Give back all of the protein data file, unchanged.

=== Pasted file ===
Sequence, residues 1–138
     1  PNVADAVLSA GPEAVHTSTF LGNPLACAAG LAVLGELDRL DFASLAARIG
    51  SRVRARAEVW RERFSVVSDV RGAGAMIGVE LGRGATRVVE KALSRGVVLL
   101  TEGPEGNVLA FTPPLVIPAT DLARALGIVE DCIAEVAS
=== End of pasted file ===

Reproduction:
Sequence, residues 1–138
     1  PNVADAVLSA GPEAVHTSTF LGNPLACAAG LAVLGELDRL DFASLAARIG
    51  SRVRARAEVW RERFSVVSDV RGAGAMIGVE LGRGATRVVE KALSRGVVLL
   101  TEGPEGNVLA FTPPLVIPAT DLARALGIVE DCIAEVAS